Friday, February 27, 2015

From the American Council on Science and Health

"Secret Science": it's everywhere, and nowhere, yet it rules our lives - This week, GOP Senators and Representatives re-introduced the so-called "Secret Science" bill, demanding federal agencies operate in the open, rather than the status quo: regulations based on data hidden from both public and scientific scrutiny. Read more.

Bariatric surgery associated with some improved pregnancy outcomes - In a new study published in the New England Journal of Medicine, bariatric surgery was linked to less gestational diabetes and fewer larger than normal infants. But not all changes were beneficial. Read more.


A new approach to cancer treatment? Makes much sense. - There may be a tool for making better use of the increasing number and variety of cancer treatment options. Pioneering cancer centers look at treating the cancer according to the genetic mutation that caused it, rather than the type. Read more.

GMO labeling laws will do more harm than good - Earlier this year, a GMO labeling bill was introduced in Minnesota that would mandate the labeling of foods containing GM ingredients. College student Ronald Dixon hits the nail on the head with arguments as to why this bill will do more harm than good. Read more.

Silicone on Trial: A Review - ACSH trustee Dr. Jack Fisher wrote an informative, but disturbing book about the decades long Dow Corning silicone breast implant legal farce. Fisher, a surgeon and historian, was in the middle of the debacle. Read Dr. Josh Bloom's book review. Read more.

No link between labor induction/augmentation and autism - The prevalence of ASD seems to have increased significantly over the last 30 years. A new study - confirming prior research - has failed to find evidence of any role of labor induction/augmentation in the subsequent development of autism. Read more.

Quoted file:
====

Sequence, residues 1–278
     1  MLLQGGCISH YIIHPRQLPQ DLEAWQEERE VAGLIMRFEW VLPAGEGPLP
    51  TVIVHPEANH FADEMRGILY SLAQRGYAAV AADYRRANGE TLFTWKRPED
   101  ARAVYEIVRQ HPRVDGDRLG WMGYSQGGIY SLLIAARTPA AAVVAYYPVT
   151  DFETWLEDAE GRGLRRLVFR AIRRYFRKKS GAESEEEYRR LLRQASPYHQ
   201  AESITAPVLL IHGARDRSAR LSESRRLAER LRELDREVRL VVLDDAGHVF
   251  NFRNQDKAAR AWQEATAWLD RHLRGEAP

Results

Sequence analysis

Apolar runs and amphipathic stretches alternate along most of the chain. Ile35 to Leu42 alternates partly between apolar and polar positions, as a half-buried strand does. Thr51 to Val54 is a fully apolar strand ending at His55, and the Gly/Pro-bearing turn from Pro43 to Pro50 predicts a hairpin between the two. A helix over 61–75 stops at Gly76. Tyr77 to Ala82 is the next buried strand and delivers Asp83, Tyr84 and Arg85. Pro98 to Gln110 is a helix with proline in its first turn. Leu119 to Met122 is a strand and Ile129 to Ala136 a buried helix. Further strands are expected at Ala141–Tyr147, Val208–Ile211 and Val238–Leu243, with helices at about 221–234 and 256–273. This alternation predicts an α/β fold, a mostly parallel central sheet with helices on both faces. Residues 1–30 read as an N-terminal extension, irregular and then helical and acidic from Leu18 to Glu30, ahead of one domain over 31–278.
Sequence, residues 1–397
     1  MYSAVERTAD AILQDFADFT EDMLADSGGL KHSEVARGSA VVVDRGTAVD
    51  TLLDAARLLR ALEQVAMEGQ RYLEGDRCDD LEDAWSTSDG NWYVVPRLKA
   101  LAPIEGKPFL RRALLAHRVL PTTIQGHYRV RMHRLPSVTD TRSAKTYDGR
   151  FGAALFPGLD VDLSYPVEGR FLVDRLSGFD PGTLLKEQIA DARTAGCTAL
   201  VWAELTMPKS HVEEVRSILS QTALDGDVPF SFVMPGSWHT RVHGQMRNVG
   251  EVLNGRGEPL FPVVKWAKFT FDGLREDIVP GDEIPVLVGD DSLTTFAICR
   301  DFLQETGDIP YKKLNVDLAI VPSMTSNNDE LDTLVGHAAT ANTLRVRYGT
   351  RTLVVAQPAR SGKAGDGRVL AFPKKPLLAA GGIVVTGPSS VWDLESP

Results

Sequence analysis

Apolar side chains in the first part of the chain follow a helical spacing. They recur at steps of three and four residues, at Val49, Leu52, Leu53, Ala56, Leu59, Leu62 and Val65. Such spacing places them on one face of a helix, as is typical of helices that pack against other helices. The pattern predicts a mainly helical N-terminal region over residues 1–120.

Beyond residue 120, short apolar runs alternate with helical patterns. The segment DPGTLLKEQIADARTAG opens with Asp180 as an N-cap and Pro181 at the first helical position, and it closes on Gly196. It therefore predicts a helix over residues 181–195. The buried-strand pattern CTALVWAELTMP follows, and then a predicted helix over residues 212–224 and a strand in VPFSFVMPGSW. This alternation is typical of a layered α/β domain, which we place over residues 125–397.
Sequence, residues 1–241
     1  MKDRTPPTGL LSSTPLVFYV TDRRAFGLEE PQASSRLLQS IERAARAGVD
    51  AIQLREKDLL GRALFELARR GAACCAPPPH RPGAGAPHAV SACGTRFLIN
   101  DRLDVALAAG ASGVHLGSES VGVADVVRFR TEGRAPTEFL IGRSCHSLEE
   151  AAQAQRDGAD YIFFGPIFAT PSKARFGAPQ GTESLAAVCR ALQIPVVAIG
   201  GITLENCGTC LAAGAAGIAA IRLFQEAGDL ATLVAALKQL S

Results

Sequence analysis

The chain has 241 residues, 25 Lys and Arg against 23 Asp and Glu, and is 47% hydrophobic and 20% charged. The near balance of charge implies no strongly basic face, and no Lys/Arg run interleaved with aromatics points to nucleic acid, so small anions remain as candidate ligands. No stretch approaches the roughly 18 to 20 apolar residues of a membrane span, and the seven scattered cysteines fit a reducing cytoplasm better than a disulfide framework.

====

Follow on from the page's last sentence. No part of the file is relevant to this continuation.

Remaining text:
Why study implausible mental health modalities? - University of Toronto professor wants to study use of homeopathy for ADHD, but many disagree. Nearly 100 scientists and physicians have signed a letter questioning the validity of such a study. So do we. Read more.

Sauna use linked to better heart health - Finnish study (naturally!) finds a link between sauna use and better heart health - more frequent and longer use associated with positive health outcomes. Tempting - but no proof that saunas caused the improved results. Read more.

Can the risk of peanut allergy be reduced in infancy? - Introducing peanuts at an early age in those infants at high risk of developing peanut allergy may reduce their risk of developing this allergy, finds a new study. This research has led some to advocate for an immediate change in guidelines. Read more.

Atrazine back in the news, unfortunately, thanks to EU's precaution - An article in today's NYTimes business section references atrazine and trade problems that occur due to its ban by the EU. We note that whatever the byzantine precautionary EU says, atrazine is a safe, effective herbicide that has never harmed anyone. Read more.

How to misinform the public about antibiotics -The world is facing a scary scenario: Antibiotics are no longer working because of bacterial resistance, and there's a big hole in the pipeline of new drugs. In the NYTimes, Dr. Ezekiel Emanuel tosses in his two cents, which is about what his op-ed is worth. Read more.

Vitamin D not a "miracle" supplement - Vitamin D has been widely touted as a "miracle vitamin," having a myriad of health effects beyond its basic function of enabling the absorption of calcium from food. However, this is not the case, and a new commentary published in JAMA points out that too much vitamin D can be detrimental to health. Read more.

Jane Brody's column spreads poisonous nonsense about e-cigarettes - The New York Times' Jane Brody spreads the false party line on e-cigarettes. She does take note that too many are smoking and too many dying from smoking. Her solution? More money for Quitlines. Right. Read more.

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